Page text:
Spring 1986 // Volume 24 // Number 1

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Excellence: A Shared Commitment


Excellence: A Shared Commitment

In their book, In Search of Excellence, Peters and Waterman identify quality and service as two hallmarks of successful organizations. To ensure that the Journal of Extension reflects these characteristics requires the cooperation of all Extension staff.

The Journal's Board of Directors, its editorial staff, and the staff in the business office have continually devoted their efforts to improving the quality of the Journal, keeping Peters and Waterman's advice to be action-oriented foremost in their minds. They've made timely decisions and completed the tasks associated with altering the Journal's image. Recently, for example, the format was changed. We now receive 4 issues a year in a new 8 1/2" by 11" size, allowing us to give our subscribers 30% more content each year. In coming issues, you'll notice other new additions and changes.

The success of the Journal depends on the publication of useful resources for Extension staff and on the way staff members use these resources. In Search of Excellence reminds us to stay close and listen to the customer. The members of the editorial staff are close to the customer, reviewing articles with each of you in mind.

I'm sure the people responsible for the Journal will do their part to produce a useful journal. Will you do your part?

Peters and Waterman refer to psychologist Ernest Becker's theory that people need to be members of a winning team and stars in their own right. The Journal allows you to do both. You can join the team by subscribing to and making use of the Journal as you plan, implement, and evaluate programs, and you can be a star by contributing to the Journal's efforts to provide quality and service. Are you taking advantage of these opportunities?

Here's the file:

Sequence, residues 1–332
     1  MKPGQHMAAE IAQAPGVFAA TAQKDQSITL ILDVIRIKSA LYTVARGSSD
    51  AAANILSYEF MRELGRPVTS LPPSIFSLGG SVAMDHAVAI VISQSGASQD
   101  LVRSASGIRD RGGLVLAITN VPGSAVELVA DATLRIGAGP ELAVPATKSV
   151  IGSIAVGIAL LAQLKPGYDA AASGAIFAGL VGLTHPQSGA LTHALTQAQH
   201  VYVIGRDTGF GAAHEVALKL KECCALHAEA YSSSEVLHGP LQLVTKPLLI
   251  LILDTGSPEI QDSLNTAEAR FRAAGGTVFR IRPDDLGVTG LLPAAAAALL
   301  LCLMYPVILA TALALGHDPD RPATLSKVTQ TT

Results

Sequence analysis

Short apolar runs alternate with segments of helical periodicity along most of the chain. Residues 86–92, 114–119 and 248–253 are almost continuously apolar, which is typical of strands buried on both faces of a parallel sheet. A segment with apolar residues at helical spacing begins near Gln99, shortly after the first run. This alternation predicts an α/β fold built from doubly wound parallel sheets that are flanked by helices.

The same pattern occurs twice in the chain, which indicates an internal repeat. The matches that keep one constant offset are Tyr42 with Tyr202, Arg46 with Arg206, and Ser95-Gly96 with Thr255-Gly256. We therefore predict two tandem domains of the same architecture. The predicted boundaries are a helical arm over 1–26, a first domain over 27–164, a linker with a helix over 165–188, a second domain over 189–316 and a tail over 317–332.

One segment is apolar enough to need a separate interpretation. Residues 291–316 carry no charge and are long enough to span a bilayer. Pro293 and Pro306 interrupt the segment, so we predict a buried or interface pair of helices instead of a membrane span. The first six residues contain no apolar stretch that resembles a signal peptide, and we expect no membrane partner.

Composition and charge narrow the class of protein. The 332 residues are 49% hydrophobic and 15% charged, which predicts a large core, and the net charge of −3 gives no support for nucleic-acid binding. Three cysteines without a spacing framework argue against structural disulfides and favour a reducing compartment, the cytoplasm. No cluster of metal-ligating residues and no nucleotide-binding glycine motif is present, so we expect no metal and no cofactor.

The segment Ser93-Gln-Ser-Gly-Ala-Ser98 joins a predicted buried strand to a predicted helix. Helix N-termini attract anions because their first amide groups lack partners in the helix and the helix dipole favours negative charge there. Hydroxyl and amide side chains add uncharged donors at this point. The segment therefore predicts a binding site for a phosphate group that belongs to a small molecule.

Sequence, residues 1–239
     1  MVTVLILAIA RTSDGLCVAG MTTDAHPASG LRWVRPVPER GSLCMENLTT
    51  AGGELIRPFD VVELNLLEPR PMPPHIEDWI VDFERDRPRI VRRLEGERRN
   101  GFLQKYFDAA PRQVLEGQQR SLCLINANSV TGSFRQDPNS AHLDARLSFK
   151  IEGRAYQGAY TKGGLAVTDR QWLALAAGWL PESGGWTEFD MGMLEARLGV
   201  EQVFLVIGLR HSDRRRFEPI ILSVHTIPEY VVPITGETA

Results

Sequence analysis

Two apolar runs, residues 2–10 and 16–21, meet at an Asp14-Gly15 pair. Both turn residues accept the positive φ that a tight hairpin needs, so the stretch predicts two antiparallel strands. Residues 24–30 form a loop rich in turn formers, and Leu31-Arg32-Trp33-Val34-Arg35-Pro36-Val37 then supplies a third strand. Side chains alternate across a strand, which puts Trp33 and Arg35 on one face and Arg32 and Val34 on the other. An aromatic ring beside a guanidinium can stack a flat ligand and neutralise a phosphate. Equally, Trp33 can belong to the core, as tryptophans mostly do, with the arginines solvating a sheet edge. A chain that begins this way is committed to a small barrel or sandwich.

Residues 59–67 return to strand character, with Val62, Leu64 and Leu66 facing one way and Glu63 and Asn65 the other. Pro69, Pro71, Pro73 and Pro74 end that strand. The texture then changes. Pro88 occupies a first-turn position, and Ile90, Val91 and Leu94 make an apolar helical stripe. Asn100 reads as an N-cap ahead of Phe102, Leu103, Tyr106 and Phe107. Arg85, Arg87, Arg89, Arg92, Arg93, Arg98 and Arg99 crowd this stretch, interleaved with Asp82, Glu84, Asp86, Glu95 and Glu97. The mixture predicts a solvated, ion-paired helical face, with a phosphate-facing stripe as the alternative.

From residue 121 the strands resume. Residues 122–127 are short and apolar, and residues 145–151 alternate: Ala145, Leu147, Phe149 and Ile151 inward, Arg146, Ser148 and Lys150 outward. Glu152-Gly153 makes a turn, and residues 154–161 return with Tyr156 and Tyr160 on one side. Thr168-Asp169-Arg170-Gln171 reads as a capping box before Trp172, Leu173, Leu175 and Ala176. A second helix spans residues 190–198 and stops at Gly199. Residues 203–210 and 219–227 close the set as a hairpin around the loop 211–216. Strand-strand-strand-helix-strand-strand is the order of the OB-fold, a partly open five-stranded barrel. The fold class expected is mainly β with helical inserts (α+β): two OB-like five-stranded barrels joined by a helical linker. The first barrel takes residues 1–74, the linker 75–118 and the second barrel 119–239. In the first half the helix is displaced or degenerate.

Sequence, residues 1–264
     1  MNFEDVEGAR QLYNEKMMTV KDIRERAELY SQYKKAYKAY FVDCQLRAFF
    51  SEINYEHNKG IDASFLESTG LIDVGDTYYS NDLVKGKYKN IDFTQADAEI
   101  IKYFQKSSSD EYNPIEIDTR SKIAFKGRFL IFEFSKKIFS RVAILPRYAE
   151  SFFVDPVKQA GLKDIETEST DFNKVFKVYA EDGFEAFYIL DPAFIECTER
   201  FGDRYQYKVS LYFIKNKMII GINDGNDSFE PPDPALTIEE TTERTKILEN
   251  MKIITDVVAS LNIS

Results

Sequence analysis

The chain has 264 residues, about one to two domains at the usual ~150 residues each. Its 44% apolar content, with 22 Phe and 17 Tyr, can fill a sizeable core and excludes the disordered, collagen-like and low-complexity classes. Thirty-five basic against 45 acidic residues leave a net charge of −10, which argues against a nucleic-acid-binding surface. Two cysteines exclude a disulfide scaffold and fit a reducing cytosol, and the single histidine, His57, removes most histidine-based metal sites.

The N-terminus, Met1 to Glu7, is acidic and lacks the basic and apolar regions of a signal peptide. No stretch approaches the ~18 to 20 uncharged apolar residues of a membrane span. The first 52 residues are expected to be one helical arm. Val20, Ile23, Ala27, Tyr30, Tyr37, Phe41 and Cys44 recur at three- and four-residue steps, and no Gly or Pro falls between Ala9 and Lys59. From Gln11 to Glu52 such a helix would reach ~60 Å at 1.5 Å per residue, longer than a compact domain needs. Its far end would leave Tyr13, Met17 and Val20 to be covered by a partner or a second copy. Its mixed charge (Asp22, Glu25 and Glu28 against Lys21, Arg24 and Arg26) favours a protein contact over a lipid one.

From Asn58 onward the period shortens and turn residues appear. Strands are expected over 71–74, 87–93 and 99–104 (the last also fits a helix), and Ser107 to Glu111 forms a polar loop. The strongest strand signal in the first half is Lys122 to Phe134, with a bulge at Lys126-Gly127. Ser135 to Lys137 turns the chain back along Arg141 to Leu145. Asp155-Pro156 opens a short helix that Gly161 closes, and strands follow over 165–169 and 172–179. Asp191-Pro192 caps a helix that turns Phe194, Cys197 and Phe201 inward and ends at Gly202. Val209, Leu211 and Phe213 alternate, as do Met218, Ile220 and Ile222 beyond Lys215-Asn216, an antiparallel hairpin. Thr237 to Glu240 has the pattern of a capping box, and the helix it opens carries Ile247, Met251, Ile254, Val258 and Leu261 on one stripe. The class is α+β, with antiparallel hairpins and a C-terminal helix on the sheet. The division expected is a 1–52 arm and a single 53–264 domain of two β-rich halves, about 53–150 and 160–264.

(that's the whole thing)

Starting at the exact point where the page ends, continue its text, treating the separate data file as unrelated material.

1. Have you submitted a feature article, your thoughts to the Forum, your successes and failures to the Idea Corner, or your ideas for Tools of the Trade?
  2. Do you submit articles that are relevant and address the priority needs of Extension staff? Keep in mind that information published in the Journal must be a useful resource for Extension staff in improving personally and professionally.
  3. Have you sent your ideas and suggestions to the editor? Feedback helps the Journal be what you want it to be. Advise us on ways the Journal can be of more value to you.
  4. Have you volunteered to serve in a leadership capacity with the Journal? Interested Extension staff members are always needed to serve on the Editorial Committee or as Research in Brief editors.
  5. Do you subscribe to the Journal, or do you read someone else's copy? The Journal should be part of your personal library. You can do your part in keeping the Journalalive and well by subscribing.
  6. Have you communicated the Journal's potential to those who don't subscribe? You're its best salesperson.
  7. Have you made a conscious effort to incorporate ideas contained in the Journal into your day-to-day activities?

Vince Lombardi once said, "The quality of one's life is in direct proportion to one's commitment to excellence." I hope each of you will see the opportunities the Journal can afford you and become committed to its continual striving for excellence. Remember, excellence is a shared commitment.

Patricia Jarboe Buchanan, Editor